This raises the question of whether a tailored approach to treatment would maximise efficacy, limit cost and permit a better risk–benefit ratio. With this approach the benefits of individual therapies are each added together to bring a cumulative therapeutic benefit. Such multifactorial intervention is common with non-pharmacological therapies, such as pulmonary rehabilitation and asthma self-management education. Together with multidimensional assessment, it is also used successfully in other chronic diseases. The core elements of this approach are inflammometry (table 1), multidimensional assessment3 and case management. This article reports the concept, design and pilot testing of this approach.

Table 1

Inflammation-based algorithm

Real world example of airway inflammometry case management

Older adults (>55 years) with stable COPD (defined in online supplement) were recruited and allocated to usual care (n=19) or multidimensional assessment and management (n=17). The intervention consisted of individualised management based on the baseline multidimensional assessment. A personalised care plan was developed by the study physician and case manager. The clinicians and participants agreed on the tailored interventions for each of the identified problems.15 An inflammometry algorithm (table 1) was used to inform treatment decisions for airway inflammation, systemic inflammation and mucus hypersecretion. Other tailored interventions were standardised according to the best available evidence.3 The case manager coordinated the plan. The interventions were delivered over 3 months during individualised visits (see online supplement table 1). Pulmonary rehabilitation participation occurred concurrently.

The participant characteristics are presented in table 2. The baseline multidimensional assessment identified a mean (95% CI) of 10.5 (9.7 to 11.2) clinical management problems per participant. These problems clustered into four domains: airway related problems, comorbidity, risk factors and behavioural issues.3

Table 2

Baseline participant characteristics

The primary outcome of health status improved significantly from baseline to 3-month follow-up in the intervention group. The mean (95% CI) difference in St George's Respiratory Questionnaire (SGRQ) for multidimensional assessment, airway inflammometry and individualised management (MDAIM) was 14 (20.7 to 8.5) versus 3.5 (−3.8 to 10.8); p=0.0003 for control (figure 1A). The mean (95% CI) SGRQ score post intervention for MDAIM was 42.8 (35.3 to 50.4) versus 52 (45.1 to 58.9); p=0.06 for control.

Figure 1

Biomarkers of inflammation in the group receiving treatment tailored to inflammation using the inflammation treatment algorithm. (A) Health status measured by St George's Respiratory Questionnaire (SGRQ) improved significantly (lower score) in the intervention group and worsened in the control group, as measured at 3 months. (B) In the group within multidimensional assessment, airway inflammometry and individualised management (MDAIM) that received oral corticosteroids (OCS) sputum eosinophils (%) had normalised post intervention. The solid line represents the upper limit of normal for sputum eosinophils. (C) In the group within MDAIM that received antibiotics as anti-inflammatory agents sputum neutrophils (%) had normalised post intervention. The solid line represents the upper limit of normal for sputum neutrophils. (D) In the group within MDAIM that received statins for systemic inflammation there was a statically significant reduction in serum high-sensitivity C-reactive protein (hs-CRP). The solid line represents the upper limit of normal of hs-CRP.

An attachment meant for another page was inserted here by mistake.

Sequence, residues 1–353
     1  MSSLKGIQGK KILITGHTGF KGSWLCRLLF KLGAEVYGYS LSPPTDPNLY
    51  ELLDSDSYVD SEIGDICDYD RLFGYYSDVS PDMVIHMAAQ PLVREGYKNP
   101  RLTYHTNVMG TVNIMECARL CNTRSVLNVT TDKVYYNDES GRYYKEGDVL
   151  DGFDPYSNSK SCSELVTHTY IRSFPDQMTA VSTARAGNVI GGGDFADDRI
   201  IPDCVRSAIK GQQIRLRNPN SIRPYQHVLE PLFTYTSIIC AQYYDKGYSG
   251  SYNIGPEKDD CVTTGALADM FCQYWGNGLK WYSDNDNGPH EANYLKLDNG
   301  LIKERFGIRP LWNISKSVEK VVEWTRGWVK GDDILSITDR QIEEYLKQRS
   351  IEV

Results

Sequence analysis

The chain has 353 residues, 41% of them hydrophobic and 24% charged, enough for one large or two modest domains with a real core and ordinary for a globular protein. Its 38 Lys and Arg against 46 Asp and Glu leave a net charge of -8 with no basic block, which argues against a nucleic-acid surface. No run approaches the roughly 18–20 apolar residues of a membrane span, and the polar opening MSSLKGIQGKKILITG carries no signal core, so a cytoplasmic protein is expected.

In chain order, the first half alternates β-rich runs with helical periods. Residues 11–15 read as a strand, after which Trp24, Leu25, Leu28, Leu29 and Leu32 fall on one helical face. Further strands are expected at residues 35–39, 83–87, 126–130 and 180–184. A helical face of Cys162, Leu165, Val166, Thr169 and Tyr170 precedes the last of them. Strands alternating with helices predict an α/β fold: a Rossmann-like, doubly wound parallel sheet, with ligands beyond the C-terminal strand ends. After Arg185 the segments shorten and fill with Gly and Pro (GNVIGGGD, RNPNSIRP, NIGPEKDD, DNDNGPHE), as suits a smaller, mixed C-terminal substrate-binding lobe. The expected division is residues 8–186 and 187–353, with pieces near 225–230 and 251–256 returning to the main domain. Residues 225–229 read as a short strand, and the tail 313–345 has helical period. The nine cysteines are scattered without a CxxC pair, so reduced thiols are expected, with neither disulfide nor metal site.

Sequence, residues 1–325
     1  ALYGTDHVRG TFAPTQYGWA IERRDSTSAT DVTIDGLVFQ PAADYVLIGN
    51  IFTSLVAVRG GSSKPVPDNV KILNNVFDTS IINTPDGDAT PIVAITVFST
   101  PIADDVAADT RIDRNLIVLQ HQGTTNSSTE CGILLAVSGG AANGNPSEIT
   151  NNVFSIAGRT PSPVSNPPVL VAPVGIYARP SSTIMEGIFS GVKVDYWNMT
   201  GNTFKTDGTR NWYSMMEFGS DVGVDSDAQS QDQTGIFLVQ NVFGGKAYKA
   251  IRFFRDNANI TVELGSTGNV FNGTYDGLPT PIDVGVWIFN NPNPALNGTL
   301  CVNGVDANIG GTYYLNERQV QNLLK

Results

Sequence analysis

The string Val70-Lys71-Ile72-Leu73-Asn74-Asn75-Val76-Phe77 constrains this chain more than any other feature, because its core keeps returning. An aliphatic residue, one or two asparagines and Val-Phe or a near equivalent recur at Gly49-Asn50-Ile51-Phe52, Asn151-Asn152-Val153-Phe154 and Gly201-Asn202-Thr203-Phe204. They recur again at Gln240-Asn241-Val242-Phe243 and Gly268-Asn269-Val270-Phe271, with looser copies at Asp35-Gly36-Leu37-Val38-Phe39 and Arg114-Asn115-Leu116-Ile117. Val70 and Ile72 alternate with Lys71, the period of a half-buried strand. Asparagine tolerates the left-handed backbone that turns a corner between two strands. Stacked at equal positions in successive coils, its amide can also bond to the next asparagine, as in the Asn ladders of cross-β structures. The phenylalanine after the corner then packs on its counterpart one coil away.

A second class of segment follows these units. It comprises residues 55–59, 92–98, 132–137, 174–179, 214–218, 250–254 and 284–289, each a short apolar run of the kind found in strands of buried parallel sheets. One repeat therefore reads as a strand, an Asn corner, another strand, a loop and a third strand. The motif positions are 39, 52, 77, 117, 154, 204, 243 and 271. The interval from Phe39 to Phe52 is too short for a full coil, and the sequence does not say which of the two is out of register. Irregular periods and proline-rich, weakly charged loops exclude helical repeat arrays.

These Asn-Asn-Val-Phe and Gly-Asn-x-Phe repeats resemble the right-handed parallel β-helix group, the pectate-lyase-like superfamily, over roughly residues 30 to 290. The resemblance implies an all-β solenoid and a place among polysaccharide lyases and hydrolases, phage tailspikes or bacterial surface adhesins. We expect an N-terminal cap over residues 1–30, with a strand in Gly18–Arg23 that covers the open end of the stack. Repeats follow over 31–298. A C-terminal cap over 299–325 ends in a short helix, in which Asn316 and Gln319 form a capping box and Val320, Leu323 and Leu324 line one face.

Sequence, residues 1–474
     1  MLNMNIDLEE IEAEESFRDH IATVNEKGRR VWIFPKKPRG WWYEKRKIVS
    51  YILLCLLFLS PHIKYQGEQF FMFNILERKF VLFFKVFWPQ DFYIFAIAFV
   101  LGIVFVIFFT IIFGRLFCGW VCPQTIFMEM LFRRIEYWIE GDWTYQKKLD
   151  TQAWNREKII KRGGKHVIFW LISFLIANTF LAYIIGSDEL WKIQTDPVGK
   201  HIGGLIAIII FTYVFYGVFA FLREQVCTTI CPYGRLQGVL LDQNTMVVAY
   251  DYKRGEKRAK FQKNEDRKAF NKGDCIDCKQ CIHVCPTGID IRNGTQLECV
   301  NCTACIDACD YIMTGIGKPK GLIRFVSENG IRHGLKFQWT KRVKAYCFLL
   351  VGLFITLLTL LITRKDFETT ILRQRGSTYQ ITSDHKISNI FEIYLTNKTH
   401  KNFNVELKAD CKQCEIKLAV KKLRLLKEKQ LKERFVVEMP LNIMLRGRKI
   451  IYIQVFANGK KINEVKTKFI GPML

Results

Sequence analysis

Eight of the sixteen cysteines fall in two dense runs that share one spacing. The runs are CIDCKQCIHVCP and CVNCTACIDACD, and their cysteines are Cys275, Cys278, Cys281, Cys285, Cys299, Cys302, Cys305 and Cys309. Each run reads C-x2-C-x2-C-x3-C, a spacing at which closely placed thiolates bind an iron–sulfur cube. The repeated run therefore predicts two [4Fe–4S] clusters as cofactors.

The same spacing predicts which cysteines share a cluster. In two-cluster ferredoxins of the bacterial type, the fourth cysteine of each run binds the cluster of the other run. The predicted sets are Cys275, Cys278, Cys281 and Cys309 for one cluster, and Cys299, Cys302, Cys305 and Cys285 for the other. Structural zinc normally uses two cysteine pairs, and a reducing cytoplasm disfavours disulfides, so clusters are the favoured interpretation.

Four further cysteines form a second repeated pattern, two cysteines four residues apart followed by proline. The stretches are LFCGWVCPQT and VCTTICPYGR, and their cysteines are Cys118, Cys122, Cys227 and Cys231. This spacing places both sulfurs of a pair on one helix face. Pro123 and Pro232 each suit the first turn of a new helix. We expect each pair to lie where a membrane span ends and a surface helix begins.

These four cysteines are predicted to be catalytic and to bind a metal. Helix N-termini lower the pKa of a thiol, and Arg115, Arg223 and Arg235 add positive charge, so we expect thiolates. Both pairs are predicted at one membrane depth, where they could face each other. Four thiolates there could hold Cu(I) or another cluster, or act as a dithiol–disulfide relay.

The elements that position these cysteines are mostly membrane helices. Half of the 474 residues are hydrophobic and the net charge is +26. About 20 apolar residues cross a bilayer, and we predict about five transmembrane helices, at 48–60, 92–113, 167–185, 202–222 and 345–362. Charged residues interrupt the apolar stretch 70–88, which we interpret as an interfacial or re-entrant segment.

Clinically significant quality of life improvement (decreased SGRQ score > 4 units at 3 months) was achieved in 14 (82.3%) participants in the MDAIM group and 5 (31.2%) in the control group (p=0.003). The number needed to treat in order for one person to achieve a clinically significant change in SGRQ was 2.

In the MDAIM group health status continued to improve at 6-months follow-up (mean (95% CI) decrease of 17.1 (7.1 to 27.1) units, p=0.002)) and was maintained at 12 months with a 13.5 (4.7 to 22.3) unit decrease from baseline (p=0.005). In the control group there was no statistically significant difference at either 6 months (4. 5 (−1.2 to 10.3); p=0.1) or 12 months (3.1 (−3.5 to 9.7); p=0.3).

Targeted inflammation-based management reduced eosinophilic and neutrophilic airway inflammation and systemic inflammation (figure 1B–D).

Discussion

Airway and systemic inflammation in COPD is heterogeneous and since any one person can exhibit more than one inflammatory process (figure 2), any individual may require more than one therapeutic approach. For example, targeting neutrophilic inflammation alone will treat 57% of people with COPD (figure 2).16 Targeting eosinophilic inflammation will treat a further 34% and targeting systemic inflammation will manage this problem in 59% of the COPD group. Drug therapy is increasingly pathway specific, and to target all of these different pathways in all people with COPD would require three drugs, that is, macrolide, statin and corticosteroid. A less costly and potentially safer approach is to use individual assessment and multicomponent therapy. We have developed a multifaceted approach that is likely to be highly effective and may be safer.3 ,17 The additive effects of targeted anti-inflammatory treatment to eosinophilic, neutrophilic and systemic inflammation should show at least cumulative benefits, and result in a greater proportion of the COPD population receiving effective anti-inflammatory therapy. We recognise that anti-inflammatory treatment in COPD needs to balance the nature of inflammation, treatment efficacy and the potential for adverse effects. For example, the broad application of macrolides is effective 8 but there is a concern about side effects and microbial resistance. Consequently, an individually targeted approach may be a better way to maximise efficacy and minimise side effects.